March 20, 2019—A new exhibition at the Minneapolis Institute of Art (Mia) highlights recent work by more than a dozen living Japanese women clay artists who evoke or respond to the natural world in diverse ways, some traditional, others wholly novel. “Living Clay: Artists Respond to Nature” presents primarily nonfunctional ceramic works inspired by everything from cells and mold spores to snails and leaves. Exploring themes ranging from floral surface decoration to natural disaster, these works are displayed in conversation with contemporary Japanese artworks in other media, such as woodblock prints, textiles, and painting – with nearly all of the artworks being shown for the first time. “Living Clay” is on view March 23 through December 8, 2019.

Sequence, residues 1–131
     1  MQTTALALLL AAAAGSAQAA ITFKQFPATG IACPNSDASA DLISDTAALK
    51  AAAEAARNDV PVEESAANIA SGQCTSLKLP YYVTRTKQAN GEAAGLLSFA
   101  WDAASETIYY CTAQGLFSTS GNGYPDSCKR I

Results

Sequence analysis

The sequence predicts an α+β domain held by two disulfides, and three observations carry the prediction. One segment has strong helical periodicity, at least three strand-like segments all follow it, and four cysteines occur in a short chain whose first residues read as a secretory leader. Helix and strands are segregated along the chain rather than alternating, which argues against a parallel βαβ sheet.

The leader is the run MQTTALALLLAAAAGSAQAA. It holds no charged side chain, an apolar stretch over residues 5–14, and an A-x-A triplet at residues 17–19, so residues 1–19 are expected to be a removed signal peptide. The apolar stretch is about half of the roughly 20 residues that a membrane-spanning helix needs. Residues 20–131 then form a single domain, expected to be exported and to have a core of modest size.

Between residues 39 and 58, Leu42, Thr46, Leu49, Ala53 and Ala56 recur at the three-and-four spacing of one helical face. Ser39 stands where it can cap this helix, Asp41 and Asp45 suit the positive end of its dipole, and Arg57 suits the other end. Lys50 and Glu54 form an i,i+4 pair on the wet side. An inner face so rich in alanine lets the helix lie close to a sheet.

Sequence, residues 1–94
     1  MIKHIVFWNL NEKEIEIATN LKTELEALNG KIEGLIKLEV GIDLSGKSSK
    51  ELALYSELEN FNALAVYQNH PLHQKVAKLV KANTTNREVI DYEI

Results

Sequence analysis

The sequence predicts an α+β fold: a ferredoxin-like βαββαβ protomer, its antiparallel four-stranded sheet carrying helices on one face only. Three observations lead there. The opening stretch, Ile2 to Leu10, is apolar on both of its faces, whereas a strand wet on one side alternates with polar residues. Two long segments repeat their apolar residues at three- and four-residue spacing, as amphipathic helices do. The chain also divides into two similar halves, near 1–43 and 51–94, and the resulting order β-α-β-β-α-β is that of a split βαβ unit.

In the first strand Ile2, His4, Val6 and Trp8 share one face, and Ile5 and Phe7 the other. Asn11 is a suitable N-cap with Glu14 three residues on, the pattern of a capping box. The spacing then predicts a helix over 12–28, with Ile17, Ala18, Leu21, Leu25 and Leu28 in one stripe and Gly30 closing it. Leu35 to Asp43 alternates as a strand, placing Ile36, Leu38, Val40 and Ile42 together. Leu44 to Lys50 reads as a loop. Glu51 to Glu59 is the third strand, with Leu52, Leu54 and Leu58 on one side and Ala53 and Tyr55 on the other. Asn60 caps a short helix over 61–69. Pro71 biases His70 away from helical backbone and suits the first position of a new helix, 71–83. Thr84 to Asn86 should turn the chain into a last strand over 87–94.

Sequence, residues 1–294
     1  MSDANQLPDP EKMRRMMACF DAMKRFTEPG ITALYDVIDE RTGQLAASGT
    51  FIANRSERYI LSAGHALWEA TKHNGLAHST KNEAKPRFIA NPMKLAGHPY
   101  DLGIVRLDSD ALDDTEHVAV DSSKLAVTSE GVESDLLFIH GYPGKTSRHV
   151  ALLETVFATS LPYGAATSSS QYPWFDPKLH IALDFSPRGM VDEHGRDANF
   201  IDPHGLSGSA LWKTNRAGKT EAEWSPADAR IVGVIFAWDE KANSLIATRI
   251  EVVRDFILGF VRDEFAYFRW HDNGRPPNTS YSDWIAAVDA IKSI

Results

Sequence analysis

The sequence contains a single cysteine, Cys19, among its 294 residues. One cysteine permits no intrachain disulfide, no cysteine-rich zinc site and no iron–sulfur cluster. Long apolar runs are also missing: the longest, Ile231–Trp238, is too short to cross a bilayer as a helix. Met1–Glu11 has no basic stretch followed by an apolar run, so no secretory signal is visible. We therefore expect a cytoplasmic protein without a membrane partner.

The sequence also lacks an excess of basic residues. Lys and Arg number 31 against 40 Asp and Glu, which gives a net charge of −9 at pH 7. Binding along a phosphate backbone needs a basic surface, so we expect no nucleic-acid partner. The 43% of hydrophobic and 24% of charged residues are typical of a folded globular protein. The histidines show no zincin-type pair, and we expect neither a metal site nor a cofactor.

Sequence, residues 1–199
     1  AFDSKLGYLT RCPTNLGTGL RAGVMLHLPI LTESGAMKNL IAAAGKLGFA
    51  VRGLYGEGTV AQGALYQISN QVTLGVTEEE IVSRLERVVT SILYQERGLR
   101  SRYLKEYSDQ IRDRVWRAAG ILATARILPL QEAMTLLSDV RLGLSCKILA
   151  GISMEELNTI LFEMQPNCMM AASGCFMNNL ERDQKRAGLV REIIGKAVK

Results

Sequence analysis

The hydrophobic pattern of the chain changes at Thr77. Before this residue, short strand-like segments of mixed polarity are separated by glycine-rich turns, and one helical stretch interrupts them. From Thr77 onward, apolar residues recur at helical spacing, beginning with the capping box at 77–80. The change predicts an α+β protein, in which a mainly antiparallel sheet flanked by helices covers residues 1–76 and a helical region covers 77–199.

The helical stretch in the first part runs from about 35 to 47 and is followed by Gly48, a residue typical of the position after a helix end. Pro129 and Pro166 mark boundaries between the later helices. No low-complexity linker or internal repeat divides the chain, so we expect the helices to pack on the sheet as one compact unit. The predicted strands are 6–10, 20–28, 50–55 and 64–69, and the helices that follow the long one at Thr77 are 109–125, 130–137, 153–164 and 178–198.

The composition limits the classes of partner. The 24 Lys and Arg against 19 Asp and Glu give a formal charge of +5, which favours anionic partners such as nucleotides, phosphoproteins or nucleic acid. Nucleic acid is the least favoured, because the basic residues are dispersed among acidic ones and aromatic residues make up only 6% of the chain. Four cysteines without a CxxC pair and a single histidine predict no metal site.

“Living Clay” features ceramic works by artists Nakaigawa Yuki, Katsumata Chieko, Tokumaru Kyoko, Futamura Yoshimi, Kishi Eiko, Mishima Kimiyo, Tokuda Yasokichi IV, Fujikasa Satoko, Inaba Chikako, and Mori Aya, among others. This group of ceramic artists runs the gamut from the very well established and world recognized to the emerging. Additional non-ceramic works by Kusama Yayoi, Sudo Reiko, and Shinoda Toko are also displayed.
The majority of the works on view are drawn from Mia’s permanent collection, along with a portion on loan from Carol and Jeffrey Horvitz, whose collection of contemporary Japanese ceramics is regarded as one of the finest in the United States.